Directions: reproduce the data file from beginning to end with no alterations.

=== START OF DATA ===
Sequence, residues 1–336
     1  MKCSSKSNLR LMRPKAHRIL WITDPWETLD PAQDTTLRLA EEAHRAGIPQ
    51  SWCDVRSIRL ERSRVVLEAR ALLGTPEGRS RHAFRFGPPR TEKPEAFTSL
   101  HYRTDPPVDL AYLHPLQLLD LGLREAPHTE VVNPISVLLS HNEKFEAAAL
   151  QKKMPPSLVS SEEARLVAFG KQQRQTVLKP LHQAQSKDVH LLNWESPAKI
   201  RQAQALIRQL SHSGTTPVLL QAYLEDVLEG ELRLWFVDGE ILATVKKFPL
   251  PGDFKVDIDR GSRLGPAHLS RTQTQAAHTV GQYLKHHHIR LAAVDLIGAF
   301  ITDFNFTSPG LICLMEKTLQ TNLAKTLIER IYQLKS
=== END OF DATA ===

Sequence, residues 1–336
     1  MKCSSKSNLR LMRPKAHRIL WITDPWETLD PAQDTTLRLA EEAHRAGIPQ
    51  SWCDVRSIRL ERSRVVLEAR ALLGTPEGRS RHAFRFGPPR TEKPEAFTSL
   101  HYRTDPPVDL AYLHPLQLLD LGLREAPHTE VVNPISVLLS HNEKFEAAAL
   151  QKKMPPSLVS SEEARLVAFG KQQRQTVLKP LHQAQSKDVH LLNWESPAKI
   201  RQAQALIRQL SHSGTTPVLL QAYLEDVLEG ELRLWFVDGE ILATVKKFPL
   251  PGDFKVDIDR GSRLGPAHLS RTQTQAAHTV GQYLKHHHIR LAAVDLIGAF
   301  ITDFNFTSPG LICLMEKTLQ TNLAKTLIER IYQLKS